In Pursuit of a Common Music Intelligence – Yale-Founded tonebase Grows Its Influence

IgorLichtmann USE.jpg

By Brita Belli

Igor Lichtmann started his music career playing electric guitar in heavy metal bands in Germany. But his mother, a professional pianist, knew the value of top-notch teachers and when Lichtmann took an interest in classical guitar at age 17, she encouraged him to aim high. He soon found himself auditioning with 50 others in Salzburg for the opportunity to take lessons with American guitar virtuoso and Yale alum Eliot Fisk, direct disciple of Andres Segovia and the founder of Yale’s guitar department. Lichtmann was the only student selected. He overcame similarly daunting odds when he later applied for a position to study at Yale School of Music, where he will graduate in 2018 with a Master’s in Musical Arts.

Having discovered firsthand how difficult it was for budding musicians to learn from the greatest performers Lichtmann was led, along with fellow Yale School of Music student Chris Garwood and current Yale undergrad Abhi Nayar, to found the startup tonebase, a platform where anyone can learn from the world’s best performers. Last year, tonebase participated in a Yale Entrepreneurial Institute Fellowship, where they received mentorship and funding to develop their venture. Currently, Lichtmann serves as an Innovation Advisor for the Tsai Center for Innovative Thinking at Yale (Tsai CITY), advising another early-stage team on business decisions.

One of the core tenets of tonebase, he says, is the need for a variety of knowledge in the world of music. “You can’t apply the classroom experience to music,” says Lichtmann. “It’s not like teaching math. There are so many angles and variables. With music, you are trying to arrive at a ‘common intelligence.’”

The site, which features 40 leading classical guitarists offering master classes in how to play standard works of music or master specific techniques, currently has 3,000 registered users. The cofounders are in the process of transitioning the site from a free to a subscription model and the emphasis is on quality videos, hard-to-access performers, and an interactive component that allows users to get personal feedback from the masters. In the future, the cofounders hope to expand tonebase’s platform to other instruments and styles of music, and potentially beyond, to screenwriting, design and other mediums.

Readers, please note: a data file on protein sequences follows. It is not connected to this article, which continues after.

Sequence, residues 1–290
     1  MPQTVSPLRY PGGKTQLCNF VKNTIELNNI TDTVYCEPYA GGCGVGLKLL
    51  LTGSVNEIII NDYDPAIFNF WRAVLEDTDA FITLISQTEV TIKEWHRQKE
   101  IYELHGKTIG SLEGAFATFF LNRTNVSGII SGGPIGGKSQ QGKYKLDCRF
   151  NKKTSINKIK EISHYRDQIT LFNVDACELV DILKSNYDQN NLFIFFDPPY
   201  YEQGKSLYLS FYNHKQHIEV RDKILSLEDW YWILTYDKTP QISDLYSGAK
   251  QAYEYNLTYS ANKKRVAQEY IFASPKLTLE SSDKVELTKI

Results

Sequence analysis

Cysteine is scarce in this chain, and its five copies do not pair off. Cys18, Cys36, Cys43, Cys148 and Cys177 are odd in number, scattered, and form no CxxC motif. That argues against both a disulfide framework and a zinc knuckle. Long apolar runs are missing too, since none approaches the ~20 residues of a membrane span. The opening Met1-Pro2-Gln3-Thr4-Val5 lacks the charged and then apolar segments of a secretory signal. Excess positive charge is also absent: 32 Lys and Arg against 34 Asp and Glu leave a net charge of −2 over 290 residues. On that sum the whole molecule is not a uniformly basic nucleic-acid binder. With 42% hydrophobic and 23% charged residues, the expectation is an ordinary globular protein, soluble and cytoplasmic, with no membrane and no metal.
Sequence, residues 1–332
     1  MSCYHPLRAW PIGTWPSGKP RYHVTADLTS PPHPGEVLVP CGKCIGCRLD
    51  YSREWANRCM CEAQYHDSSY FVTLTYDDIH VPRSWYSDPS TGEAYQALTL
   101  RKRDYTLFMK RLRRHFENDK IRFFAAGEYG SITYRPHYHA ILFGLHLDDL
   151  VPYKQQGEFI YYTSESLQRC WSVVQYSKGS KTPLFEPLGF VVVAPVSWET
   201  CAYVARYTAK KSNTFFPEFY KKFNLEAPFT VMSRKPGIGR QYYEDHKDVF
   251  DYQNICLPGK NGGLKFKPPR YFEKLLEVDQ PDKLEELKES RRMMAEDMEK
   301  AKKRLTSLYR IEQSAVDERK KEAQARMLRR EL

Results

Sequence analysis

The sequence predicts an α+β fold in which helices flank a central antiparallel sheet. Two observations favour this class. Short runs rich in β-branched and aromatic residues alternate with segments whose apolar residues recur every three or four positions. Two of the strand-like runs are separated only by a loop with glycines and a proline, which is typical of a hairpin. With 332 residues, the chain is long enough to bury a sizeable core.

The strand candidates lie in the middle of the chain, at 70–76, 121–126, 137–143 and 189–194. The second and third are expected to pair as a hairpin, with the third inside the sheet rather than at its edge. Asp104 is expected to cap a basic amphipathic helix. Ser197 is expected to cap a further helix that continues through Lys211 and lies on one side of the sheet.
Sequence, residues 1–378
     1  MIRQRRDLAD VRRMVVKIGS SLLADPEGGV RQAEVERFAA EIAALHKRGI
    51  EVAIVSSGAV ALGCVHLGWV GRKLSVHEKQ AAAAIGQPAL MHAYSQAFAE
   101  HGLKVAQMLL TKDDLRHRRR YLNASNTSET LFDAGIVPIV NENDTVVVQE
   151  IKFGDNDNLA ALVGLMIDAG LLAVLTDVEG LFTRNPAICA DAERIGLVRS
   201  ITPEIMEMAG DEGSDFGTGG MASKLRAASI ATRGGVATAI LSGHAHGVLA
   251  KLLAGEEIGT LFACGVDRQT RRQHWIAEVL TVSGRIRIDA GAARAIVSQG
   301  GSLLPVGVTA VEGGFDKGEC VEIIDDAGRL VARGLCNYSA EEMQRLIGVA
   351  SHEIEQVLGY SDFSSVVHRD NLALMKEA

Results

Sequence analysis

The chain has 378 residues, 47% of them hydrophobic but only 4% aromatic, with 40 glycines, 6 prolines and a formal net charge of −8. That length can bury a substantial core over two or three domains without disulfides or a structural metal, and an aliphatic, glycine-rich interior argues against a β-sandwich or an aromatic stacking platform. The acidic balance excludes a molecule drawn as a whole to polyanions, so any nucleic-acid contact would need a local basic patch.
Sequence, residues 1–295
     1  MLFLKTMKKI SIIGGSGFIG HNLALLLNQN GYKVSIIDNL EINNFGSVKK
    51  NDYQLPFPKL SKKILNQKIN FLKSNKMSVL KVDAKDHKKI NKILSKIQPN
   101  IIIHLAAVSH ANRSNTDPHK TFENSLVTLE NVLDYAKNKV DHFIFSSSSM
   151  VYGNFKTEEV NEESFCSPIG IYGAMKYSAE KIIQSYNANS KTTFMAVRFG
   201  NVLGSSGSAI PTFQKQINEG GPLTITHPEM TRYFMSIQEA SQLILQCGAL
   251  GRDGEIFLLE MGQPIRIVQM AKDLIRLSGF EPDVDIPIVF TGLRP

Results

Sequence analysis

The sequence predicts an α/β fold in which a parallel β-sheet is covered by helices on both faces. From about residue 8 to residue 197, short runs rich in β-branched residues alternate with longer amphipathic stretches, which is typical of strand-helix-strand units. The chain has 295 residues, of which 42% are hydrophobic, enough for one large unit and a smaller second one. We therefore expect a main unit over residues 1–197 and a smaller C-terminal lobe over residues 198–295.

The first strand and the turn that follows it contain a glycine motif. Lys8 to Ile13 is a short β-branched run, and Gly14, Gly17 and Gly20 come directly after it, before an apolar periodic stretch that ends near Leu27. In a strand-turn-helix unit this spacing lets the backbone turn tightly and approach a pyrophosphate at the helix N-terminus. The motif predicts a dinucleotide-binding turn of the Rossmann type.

Lichtmann related the story of a 9-year-old performer from Connecticut who was struggling with a particular piece of music and, with his dad’s assistance, sent a video of his performance through tonebase to Rene Izquierdo, an award-winning classical guitarist who teaches at Peck School of the Arts at the University of Wisconsin-Milwaukee. The famed guitarist returned a 25-minute video reply showing the boy how to improve his shoulder and arm positioning. “Within 20 minutes, the kid sent a follow-up video, and his playing was transformed,” Lichtmann says.

This sort of transformation, possible until now for only the small fraction of music students with access, is the purpose of tonebase. “There is so much demand for these people, but physically and time-wise they are limited,” Lichtmann says. The musicians who teach through tonebase are not only paid for their participation, but they are able to expand the scope of their influence. “They share their ideas and the way they think about music,” Lichtmann says. “And they have a means to reach the next generation who want to learn from them.”

CONTACT: Brita Belli, Communications Officer, Tsai Center for Innovative Thinking at Yale, (203)804-1911,


Brita Belli